AI-Based Automation Framework For Healthcare

AI-Based Automation Framework For Healthcare

By Cynthia Burghard, research director, IDC Health Insights.

Cynthia Burghard

Artificial intelligence (AI) has two faces in healthcare.
One face sings the praises of AI as the tonic that will enable healthcare to
deliver better clinical outcomes at a lower cost and the second face is full of
skepticism and raises barriers to adoption at every turn. It is heartening to
see that a third face is emerging, the thoughtful and appropriate use of AI to
predict adverse health events; to identify and stratify patients in need of
health, social, and human services; and the application of AI in the automation
of tasks, activities, and processes.

To understand the likely evolution of AI-based automation,
it’s important to evaluate the interaction of humans and machines across these
five levels. At each level of automation, the following questions must be asked
and answered:

  1. Who produces insights? – Does the human
    or the machine (AI) analyze data and deliver insights from such analysis? Does
    the human or the machine describe what something is, how it trends, why
    something is happening, and what might happen next?
  2. Who decides and how? – Once all relevant
    analysis has been conducted, does the human or the machine make the decision
    based on the derived insights?
  3. Who acts based on the decision? – Finally,
    a decision should lead to an action by either a human or a machine? The action
    can be in the digital or physical environment.

Based on the responses to these questions, IDC has
identified the following five levels of AI-based automation:

  1. Human Led – At the first level, it is
    the human who analyzes the data using limited technology, such as tools for
    only descriptive analytics; it is the human who makes the decision based on the
    analysis (or experience); and it is the human who acts based on the decision.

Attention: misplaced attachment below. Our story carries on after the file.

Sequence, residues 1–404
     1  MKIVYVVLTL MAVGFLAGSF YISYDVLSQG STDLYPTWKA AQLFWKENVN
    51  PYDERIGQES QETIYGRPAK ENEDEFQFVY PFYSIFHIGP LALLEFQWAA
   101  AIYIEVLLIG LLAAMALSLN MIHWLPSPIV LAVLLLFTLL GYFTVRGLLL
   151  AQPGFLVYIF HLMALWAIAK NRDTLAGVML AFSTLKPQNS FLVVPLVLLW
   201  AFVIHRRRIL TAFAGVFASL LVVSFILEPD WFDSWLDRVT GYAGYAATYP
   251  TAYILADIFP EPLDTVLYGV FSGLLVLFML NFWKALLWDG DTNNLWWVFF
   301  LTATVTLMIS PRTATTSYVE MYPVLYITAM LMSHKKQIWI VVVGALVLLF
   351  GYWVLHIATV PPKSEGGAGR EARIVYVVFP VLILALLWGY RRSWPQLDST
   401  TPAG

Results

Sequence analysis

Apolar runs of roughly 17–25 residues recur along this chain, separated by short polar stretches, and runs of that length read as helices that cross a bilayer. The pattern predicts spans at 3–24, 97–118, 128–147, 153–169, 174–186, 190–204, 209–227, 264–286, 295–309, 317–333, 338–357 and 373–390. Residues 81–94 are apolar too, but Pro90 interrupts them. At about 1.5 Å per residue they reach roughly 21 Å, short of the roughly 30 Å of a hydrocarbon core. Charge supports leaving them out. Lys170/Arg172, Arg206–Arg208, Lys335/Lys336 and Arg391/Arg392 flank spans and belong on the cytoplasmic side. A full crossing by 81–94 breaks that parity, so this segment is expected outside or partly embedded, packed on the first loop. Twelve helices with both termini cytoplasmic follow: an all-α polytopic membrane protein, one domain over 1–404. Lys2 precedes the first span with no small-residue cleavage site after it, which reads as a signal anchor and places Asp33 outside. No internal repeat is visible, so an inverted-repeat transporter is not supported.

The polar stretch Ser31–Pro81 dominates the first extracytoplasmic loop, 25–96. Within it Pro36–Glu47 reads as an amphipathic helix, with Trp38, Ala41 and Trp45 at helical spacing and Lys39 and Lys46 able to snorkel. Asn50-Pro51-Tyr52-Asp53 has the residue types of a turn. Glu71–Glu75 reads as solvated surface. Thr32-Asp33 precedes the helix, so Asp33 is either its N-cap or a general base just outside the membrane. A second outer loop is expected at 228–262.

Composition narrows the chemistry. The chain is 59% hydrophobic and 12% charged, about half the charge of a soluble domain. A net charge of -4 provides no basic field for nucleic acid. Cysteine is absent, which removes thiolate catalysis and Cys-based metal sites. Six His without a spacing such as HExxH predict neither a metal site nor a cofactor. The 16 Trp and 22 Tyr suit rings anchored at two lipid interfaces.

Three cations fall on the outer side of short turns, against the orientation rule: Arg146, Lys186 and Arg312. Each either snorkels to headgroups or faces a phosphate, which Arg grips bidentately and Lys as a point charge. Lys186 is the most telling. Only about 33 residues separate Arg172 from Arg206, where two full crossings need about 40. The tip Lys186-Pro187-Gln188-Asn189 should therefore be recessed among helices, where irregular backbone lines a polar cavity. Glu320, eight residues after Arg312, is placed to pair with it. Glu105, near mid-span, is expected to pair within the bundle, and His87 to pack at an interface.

2. Human Led, Machine Supported – At the
    second level, the human continues to lead data analysis, decision making, and
    action steps but is now more reliant on the machine across these steps.
  3. Machine-led, Human Supported – At the
    third level, it is the machine that is using a wide range of analytic and AI
    techniques to conduct the analysis and produce insights. These insights are
    reviewed by humans. The human still makes the decision based on machine’s
    recommendations, and it is the human who acts based on the decision. However,
    at this level, the machine acts to provide oversight over human decision making
    and execution.
  4. Machine Led, Human Governed – At the
    fourth level, the machine analyzes data and produces insights without the need
    for human review. At this level, the machine decides based on the analysis of
    all available data and a framework of human-developed governance policies and
    procedures. At this stage, it is also the machine that acts based on the
    decision under the governance of humans.
  5. Machine Led – At the fifth level, the
    world has likely achieved general AI. At this stage, there is a full AI-based
    automation without the need for human involvement. At this level, we need to
    think of machines that set their own goals and understand all mathematical,
    economic, legal, and other external constraints. Most AI academics and experts
    in labs of commercial enterprises predict this level of AI to arrive no sooner
    than in about 50 years.

In
recent years, one of the shortcomings in the commercial sphere of AI has been
the misrepresentation of the scope of possible automation. Too often, we hear
claims of AI systems automating end-to-end processes and predictions of massive
labor losses, this does a disservice to organizations trying to plan for the
appropriate level of investment in AI. There is a need for a pragmatic
framework that decision makers across industries can use to assess
opportunities and risks of AI-based automation. The levels of AI-based
automation must also be viewed in the context of the scope of automation. We
define this scope where:

  • Task is the smallest possible unit of work
    performed on behalf of an activity.
  • Activity is a collection of related tasks to be
    completed to achieve the objective.
  • Process is a series of related activities that
    produces a specific output.
  • System (or an ecosystem) is a set of connected
    processes.

IDC’s AI automation framework was developed to help wade through the hyperbole associated with AI.  Our goal is to help provide a planning tool and key piece of vendor evaluations processes to fully understand the role AI is playing in software and guide strategic decision making.


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